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Duy Lap Nguyen

history created for the SSPL, its founding members were former French resistance leaders affiliated with the Việt Minh and the Vietnamese Nationalist Party (Việt Nam Quốc Dân Đảng). During the communist wave of repression in 1953, which enabled the Party to consolidate its power in the North, the future leaders of the SSPL were forced to flee to Nghệ An and Hà Tĩnh, the native provinces of Hồ Chí Minh and Lê Lợi. At a secret conference held in April 1953 in a clandestine base in the highlands, the SSPL was founded and Lê Quốc Hùng was elected as its first president.7 In

in The unimagined community
Open Access (free)
Memory and popular film
Paul Grainge

example, has discussed the tensions between official histories and their contestation in ‘popular’ or unofficial memory, analysing the bearing of historical and memorial knowledge on formations of identity and operations of power. In a discussion of ‘film and popular memory’ in French cinema of the 1970s (specifically, a number of films dealing with the French Resistance), Foucault suggests that memory is ‘a very important

in Memory and popular film
From Vietnam to the war in the Persian Gulf
John Storey

of French cinema in the 1970s Michel Foucault argued that recent French films (featuring the French Resistance) were engaged in ‘a battle . . . to reprogramme . . . the “popular memory”; and . . . to . . . impose on people a framework in which to interpret the present . . . So people are shown not what they were, but what they must remember having been.’ 17 Although I reject Foucault’s rather crude

in Memory and popular film
Serge Sur

gag-like humour of these films has a sort of American flavour. It is a parody at times of Spielberg’s Indiana Jones , 49 a rather satirical character himself. In another facet of self-criticism, US film also has a parodic register. Thus, Quentin Tarantino’s Inglourious Basterds 50 mocks the extravagant heroism of war propaganda films, as well as some rosy-coloured excesses of the French Resistance. Yet, it is uncertain whether this satirical dimension was perceived by all spectators, who may have been offended by the excessive violence that is, once again, a

in Cinematic perspectives on international law
Zdenko Maršálek and Diego Gaspar Celaya

Britain with the remnants of the army, while the other half should stay in France. Some would slip back to the occupied homeland, while those who had some connections or background in France later tried to join the French Resistance. Spanish volunteers and German, Italian and Jewish exiles serving with the Foreign Legion, volunteer regiments or labour companies were also caught up in the turmoil of events. Those who had signed a contract ‘for duration of hostilities’ were demobilised, but now found themselves as unwanted foreigners in Vichy France. Unless they escaped

in Fighters across frontiers
Escape lines
Diego Gaspar Celaya and Lennert Savenije

of people across the mountains did not end with the Second World War. In particular, Spanish republicans who had fought with the French Resistance during the war did not demobilise. Counting on the complicity of new, Liberation-era local authorities who had been their comrades in battle, guerrillas belonging to the Union Nacional Española (Spanish National Union) managed to gather a significant number of troops in the Pyrenees and invaded Spain on 19 October 1944. Led by the PCE, this operation, known as the Reconquista de España, intended to liberate a zone from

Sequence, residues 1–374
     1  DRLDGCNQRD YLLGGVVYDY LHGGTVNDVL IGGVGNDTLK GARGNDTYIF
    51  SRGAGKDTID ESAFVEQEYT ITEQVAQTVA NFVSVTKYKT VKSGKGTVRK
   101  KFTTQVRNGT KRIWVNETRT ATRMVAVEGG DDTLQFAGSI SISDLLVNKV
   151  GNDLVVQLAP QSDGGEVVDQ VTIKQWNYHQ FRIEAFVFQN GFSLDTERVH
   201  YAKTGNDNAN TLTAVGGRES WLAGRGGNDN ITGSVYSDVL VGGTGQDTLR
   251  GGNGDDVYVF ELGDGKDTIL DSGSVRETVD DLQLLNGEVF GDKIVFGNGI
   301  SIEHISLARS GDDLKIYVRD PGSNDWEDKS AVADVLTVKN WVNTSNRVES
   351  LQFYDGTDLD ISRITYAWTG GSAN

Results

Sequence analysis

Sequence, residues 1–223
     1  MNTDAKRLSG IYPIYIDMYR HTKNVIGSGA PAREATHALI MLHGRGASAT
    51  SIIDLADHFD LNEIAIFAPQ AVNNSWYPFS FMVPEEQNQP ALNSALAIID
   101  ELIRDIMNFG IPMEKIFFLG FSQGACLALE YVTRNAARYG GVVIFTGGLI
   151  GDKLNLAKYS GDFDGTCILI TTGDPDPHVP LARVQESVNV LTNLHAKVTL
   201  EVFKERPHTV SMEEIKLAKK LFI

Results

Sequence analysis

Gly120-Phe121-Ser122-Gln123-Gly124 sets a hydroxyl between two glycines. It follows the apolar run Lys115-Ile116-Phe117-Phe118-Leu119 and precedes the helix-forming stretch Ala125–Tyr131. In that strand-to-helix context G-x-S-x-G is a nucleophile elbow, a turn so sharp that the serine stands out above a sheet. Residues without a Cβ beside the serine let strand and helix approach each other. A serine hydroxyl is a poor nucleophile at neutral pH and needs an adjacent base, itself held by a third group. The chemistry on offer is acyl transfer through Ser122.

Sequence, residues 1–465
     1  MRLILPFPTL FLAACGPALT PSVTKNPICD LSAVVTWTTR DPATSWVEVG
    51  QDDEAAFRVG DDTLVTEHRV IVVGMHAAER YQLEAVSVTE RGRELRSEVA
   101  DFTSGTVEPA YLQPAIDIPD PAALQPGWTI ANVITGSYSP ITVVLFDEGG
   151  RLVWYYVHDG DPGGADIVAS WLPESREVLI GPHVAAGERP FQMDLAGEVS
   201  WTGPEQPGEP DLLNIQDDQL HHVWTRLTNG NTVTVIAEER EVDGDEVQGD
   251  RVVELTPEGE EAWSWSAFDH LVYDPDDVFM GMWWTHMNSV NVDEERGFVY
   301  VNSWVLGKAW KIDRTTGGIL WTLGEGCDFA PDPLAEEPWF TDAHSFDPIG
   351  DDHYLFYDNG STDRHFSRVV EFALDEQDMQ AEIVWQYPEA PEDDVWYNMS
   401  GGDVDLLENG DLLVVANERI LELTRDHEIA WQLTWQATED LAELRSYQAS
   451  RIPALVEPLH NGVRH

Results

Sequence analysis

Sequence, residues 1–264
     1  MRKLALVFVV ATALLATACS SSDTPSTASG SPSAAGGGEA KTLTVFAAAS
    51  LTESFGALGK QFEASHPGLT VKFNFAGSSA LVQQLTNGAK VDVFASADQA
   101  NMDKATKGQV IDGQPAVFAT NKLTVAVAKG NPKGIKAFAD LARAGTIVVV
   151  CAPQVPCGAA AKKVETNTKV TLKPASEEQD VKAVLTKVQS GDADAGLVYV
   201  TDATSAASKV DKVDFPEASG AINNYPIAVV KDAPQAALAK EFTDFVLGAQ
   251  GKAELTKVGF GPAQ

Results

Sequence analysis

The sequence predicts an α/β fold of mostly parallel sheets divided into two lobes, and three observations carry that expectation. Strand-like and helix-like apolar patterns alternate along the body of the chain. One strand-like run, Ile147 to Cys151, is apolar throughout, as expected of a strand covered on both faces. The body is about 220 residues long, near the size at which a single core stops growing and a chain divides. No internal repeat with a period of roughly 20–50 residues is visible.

in Fighters across frontiers
Abstract only
Lindsey Dodd

dans la vie. Philippe Joutard et l’histoire orale à la française’, Sociétés et Répresentations, 35.1 (2013), pp. 183–207; F. Descamps, F. Weber and B. Müller, ‘Archives orales et entretiens ethnographiques. Un débat entre Florence Descamps et Florence Weber, animé par Bertrand Müller’, Genèses, 62.1 (2006), pp. 93–109. 6 S. R. Suleiman, ‘History, heroism and narrative desire: national memory of the French resistance’, South Central Review, 21.1 (2004), pp. 54–81. 7 M. Fulbrook, ‘History writing and “collective memory” ’, in S. Berger and B.  Niven (eds.), Writing

in French children under the Allied bombs, 1940–45
Mers el-Kébir and the rhetoric of imperial confrontation in July 1940
Rachel Chin

the other hand, if the event encountered problems such as unforeseen French resistance resulting in clashes between the two parties, news regarding the proceedings would be released as they progressed in order to, ‘explain our attitude and the reasons for the action which we are taking’. 28 Both scenarios emphasized the crucial need to rhetorically justify the British actions to the broader public

in Rhetorics of empire
Renate Günther

France, her personal history was somewhat ambiguous which, in the eyes of some of her biographers, puts into question her retrospective self-image as a heroine of the French Resistance. This ambiguity came about because, from 1942 until 1943, Duras occupied the post of secretary at the commission de contrôle du papier, a commission set up by the Vichy Government and which was responsible for reading and censoring manuscripts. Duras

in Marguerite Duras
Gender adaptations in modern war films
Jeffrey Walsh

celebrated heroines of the French Resistance, such as Odette (1951), and Carve Her Name with Pride (1958), its genre is more female adventure or spy story than combat tale. The heroine, played with an unconvincing Scottish accent by Cate Blanchett, is a translator whose knowledge of French assists the war effort, initially in London. After a whirlwind romance with an RAF flyer, who goes missing in action, she

in Gender and warfare in the twentieth century